Seven years after Kosovo’s independence, the young nation has found itself in the worst economic and political crisis since the brutal 1998-1999 war with Serbia, which prompted a 78 day NATO bombing campaign to drive out Yugoslav forces out of Kosovo. Poverty, unemployment and corruption are rampant. With a youth unemployment rate of 60%, it is among the highest in Europe, according to UN figures. As a result of these grim economic prospects, thousands of Kosovars have fled the country for destinations throughout Western Europe.
Some Kosovars say that the mass exodus is worse than the refugee crisis during the war 16 years ago.
Kosovo has one of the highest levels of poverty in Europe. According to the UNDP, the country has more people live in extreme poverty than ten years ago. Pristina, Kosovo.
An unemployed man bares the frigid temperatures without shoes while begging for money behind the National Theater in the center of the city. Pristina, Kosovo.
Nazim Korca, 62 (left) is an Albanian language professor in east Kosovo but comes weekly to the old bazaar in Pristina to sell herbs and tea leaves to sustain a proper living. Pristina, Kosovo.
A woman begs for money on a busy sidewalk in the center of the city. Pristina, Kosovo.
A young boy plays a drum on Mother Teresa Boulevard in the center of the city. Pristina, Kosovo.
One of the many cafés in downtown Pristina that is often busy throughout the day. Cafés are popular throughout Kosovo, especially in the larger cities and towns. Though the unemployment rate is so high in Kosovo, people will still join friends to drink a 1 euro macchiato. Pristina, Kosovo.
A young boy named Jusuf collects trash from dumpsters behind the University of Pristina. Pristina, Kosovo.
Florian, 12 (right) sells pumpkin seeds with his younger cousin during Independence Day in downtown Pristina. He works when he’s not in school in order to support his family. Pristina, Kosovo.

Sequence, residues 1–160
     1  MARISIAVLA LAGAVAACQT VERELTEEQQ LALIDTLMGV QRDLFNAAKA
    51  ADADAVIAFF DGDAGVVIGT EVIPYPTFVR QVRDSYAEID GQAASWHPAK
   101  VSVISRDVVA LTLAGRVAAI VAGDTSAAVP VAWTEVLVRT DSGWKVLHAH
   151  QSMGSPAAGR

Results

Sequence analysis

A mass of people crowd the Pristina bus station on February 4, 2015. Ten buses departed the station for Belgrade that night, taking nearly 500 people to Serbia’s capital. From there, the migrants will take another bus to the border of Hungary, where they will cross illegally and try to make their way into the European Union. An estimated 50,000 people left Kosovo during January and February in search of better economic opportunities in western Europe. Pristina, Kosovo.
A man says goodbye to a passenger on the bus departing for Belgrade on February 4, 2015.
A young boy waits with his parents and siblings at the bus station on February 4, 2015. Their final destination in western Europe is unknown. Pristina, Kosovo.
One of the ten buses is loaded with passengers leaving Pristina for Belgrade on February 4, 2015. Pristina, Kosovo.
A woman joins the crowd of people leaving Kosovo on February 4, 2015. Pristina, Kosovo.
A sign at the Pristina bus station on February 16, 2015 lists 10 reasons why not to immigrate. One of the reasons said that Kosovo is on the list of safe countries where there is no war or conflict. Pristina, Kosovo.